- Some countries cite Greenland as the traditional home of Father Christmas, while others use the Lapland Province of Finland.
- On December 23, 2008, Jason Kenney, one of Canada's ministers, formally awarded Canadian citizenship status to Santa Claus.
Early images of Father Christmas over the centuries featured him wearing green robes.
- In Kyrgyzstan, a mountain peak was named after Santa Claus, and 2008 was declared a national Year of Santa Claus in that country.
- For centuries, European countries had Father Christmas who didn't necessarily give gifts. Today, he & Santa have all but merged.
- Early versions of Father Christmas wore green robes, and he was the inspiration for Charles Dickens' Ghost of Christmas Present.
- Father Christmas names — Papa Noel (Spanish), Pére Nöel (French), Papai Noel (Brazil), Pai Nata (Portugal), Babbo Natale (Italy).
- More Father Christmas names — Christmas Father (India), Kaghand Papik (Armenia), Moș Cräciun (Romania), and Noel Baba (Turkey).
- In Iceland, the 13 Yule Lads play practical jokes and then leave gifts in the shoes of good children. Bad kids get tomatoes.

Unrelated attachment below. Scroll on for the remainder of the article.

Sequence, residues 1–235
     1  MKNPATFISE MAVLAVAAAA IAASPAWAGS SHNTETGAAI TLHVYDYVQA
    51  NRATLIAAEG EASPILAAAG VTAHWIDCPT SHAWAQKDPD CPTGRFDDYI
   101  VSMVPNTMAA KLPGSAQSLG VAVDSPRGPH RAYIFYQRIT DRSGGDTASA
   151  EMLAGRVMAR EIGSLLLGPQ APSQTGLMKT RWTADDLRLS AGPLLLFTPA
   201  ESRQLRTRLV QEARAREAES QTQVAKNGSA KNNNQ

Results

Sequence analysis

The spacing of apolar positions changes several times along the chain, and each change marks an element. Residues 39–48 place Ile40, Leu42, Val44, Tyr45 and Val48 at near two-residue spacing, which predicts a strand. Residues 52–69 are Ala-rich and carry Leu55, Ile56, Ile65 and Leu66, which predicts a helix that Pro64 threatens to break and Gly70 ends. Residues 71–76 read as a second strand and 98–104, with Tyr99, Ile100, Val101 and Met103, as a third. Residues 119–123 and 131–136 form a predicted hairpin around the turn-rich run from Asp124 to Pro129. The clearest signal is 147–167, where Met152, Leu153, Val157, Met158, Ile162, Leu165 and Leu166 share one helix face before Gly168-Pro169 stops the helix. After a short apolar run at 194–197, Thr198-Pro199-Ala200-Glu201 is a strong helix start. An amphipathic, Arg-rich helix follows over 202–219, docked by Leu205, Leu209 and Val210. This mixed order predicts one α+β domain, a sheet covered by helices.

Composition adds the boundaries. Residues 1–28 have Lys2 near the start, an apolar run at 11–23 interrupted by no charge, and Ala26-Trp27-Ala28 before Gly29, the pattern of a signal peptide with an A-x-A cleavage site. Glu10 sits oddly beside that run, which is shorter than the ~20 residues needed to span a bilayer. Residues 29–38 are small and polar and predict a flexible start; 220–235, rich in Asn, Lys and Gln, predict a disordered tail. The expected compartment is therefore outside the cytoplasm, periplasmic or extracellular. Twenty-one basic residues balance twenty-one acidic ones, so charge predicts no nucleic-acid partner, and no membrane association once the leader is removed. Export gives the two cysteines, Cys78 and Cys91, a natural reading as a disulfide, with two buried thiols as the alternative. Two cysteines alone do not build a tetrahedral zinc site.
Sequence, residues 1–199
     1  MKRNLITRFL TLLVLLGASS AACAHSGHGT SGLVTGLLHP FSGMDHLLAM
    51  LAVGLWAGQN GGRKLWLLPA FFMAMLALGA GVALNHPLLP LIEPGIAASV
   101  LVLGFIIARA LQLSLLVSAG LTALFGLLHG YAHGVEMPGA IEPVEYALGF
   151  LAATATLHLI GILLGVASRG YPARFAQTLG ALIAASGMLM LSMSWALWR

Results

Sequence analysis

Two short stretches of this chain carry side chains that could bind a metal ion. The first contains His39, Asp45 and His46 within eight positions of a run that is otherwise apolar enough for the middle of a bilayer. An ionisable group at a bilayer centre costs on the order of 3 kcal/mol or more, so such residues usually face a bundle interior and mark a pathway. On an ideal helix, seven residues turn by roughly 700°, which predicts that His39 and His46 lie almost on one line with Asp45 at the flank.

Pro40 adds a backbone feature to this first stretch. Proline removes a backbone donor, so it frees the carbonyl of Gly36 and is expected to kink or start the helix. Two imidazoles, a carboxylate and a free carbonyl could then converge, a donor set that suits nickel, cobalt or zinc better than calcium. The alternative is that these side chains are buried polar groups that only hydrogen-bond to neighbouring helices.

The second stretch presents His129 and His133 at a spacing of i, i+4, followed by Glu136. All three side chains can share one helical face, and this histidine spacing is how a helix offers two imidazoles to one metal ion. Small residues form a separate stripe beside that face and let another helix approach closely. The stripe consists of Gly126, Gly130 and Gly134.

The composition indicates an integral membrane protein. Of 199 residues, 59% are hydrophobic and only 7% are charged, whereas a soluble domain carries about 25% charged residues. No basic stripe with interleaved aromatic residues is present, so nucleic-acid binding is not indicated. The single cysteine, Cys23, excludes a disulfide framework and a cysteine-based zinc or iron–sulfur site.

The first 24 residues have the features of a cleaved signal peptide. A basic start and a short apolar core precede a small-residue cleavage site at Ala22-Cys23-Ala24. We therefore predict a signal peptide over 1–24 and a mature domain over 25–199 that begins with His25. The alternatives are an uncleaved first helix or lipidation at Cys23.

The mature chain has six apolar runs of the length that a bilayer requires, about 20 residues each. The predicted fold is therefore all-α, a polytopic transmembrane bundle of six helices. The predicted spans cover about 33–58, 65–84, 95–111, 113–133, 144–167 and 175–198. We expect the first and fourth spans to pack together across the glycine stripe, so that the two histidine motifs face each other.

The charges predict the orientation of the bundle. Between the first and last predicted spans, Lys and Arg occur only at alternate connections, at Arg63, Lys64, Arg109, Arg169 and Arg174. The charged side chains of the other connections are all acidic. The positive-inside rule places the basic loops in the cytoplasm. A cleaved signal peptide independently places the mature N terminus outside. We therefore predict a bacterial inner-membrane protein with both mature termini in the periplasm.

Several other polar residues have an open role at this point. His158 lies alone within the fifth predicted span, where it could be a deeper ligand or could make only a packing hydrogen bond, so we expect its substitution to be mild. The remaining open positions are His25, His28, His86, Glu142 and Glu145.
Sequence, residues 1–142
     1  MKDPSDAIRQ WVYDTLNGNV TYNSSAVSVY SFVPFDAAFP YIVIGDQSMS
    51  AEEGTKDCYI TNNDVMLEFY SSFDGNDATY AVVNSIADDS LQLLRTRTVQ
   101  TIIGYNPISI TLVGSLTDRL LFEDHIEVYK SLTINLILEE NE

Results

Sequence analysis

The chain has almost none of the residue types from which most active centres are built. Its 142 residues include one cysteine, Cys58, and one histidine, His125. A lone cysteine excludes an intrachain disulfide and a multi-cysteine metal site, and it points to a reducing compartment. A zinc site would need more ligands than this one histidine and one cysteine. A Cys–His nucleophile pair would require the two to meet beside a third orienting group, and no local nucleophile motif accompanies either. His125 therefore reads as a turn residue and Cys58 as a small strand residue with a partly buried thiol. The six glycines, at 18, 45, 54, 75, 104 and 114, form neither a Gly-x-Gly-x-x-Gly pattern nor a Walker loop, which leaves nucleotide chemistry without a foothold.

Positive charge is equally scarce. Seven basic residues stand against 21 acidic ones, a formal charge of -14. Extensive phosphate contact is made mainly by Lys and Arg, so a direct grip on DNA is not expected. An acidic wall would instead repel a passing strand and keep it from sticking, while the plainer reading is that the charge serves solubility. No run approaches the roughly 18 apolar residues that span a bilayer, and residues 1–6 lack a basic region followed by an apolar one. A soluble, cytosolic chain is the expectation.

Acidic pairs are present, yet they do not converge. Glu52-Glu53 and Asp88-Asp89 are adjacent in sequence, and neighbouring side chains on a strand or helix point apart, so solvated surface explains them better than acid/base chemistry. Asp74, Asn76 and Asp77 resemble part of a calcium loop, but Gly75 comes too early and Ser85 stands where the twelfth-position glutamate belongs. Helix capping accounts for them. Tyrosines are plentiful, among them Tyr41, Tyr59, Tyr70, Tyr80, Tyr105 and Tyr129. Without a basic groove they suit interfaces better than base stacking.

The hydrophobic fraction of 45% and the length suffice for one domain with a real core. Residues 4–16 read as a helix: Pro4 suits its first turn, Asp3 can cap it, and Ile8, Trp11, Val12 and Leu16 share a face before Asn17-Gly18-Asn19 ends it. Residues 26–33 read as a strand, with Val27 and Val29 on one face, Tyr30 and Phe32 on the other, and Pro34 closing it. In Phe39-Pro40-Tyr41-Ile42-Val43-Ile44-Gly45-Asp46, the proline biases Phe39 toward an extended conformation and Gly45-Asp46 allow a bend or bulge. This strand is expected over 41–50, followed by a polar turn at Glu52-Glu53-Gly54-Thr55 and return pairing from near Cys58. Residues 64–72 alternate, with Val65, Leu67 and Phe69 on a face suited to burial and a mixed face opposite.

- In Norway, Finland, and Sweden, gnome-like Tomte (or Nisse) give children gifts in person. (Usually parents dress up as Tomte.)
- Many countries still celebrate with the Christ Child (or Christkind), a cherubic blond child who gives gifts but is never seen.
- In some countries with German customs, Santa is accompanied by Belsnickel, a stern mountain-man who disciplines children.
In Alpine countries, the beast-like Krampus accompanies St. Nicholas before Christmas, scaring children into being good.
All around the world, different countries and cultures have their own unique legends of the person or people who give
gifts at Christmastime.
- In France, Pére Nöel resembles Santa, but instead of using reindeer, he rides a single donkey called Gui (Mistletoe in French).
- In Italy, a kind witch named Befana delivers gifts for good children on Jan. 5 (and gives coal to bad kids). She also sweeps up.
- In Slavic countries, gifts are given on New Year's Eve by Ded Moroz (Grandfather Frost) who rides a traditional horse-drawn sled.
- The Russian Ded Moroz (Grandfather Frost) is a white bearded sorcerer who wears red robes and travels with his granddaughter.
An Australian Christmas carol by Rolf Harris "Six White Boomers" has Santa using six white kangaroos instead of eight reindeer.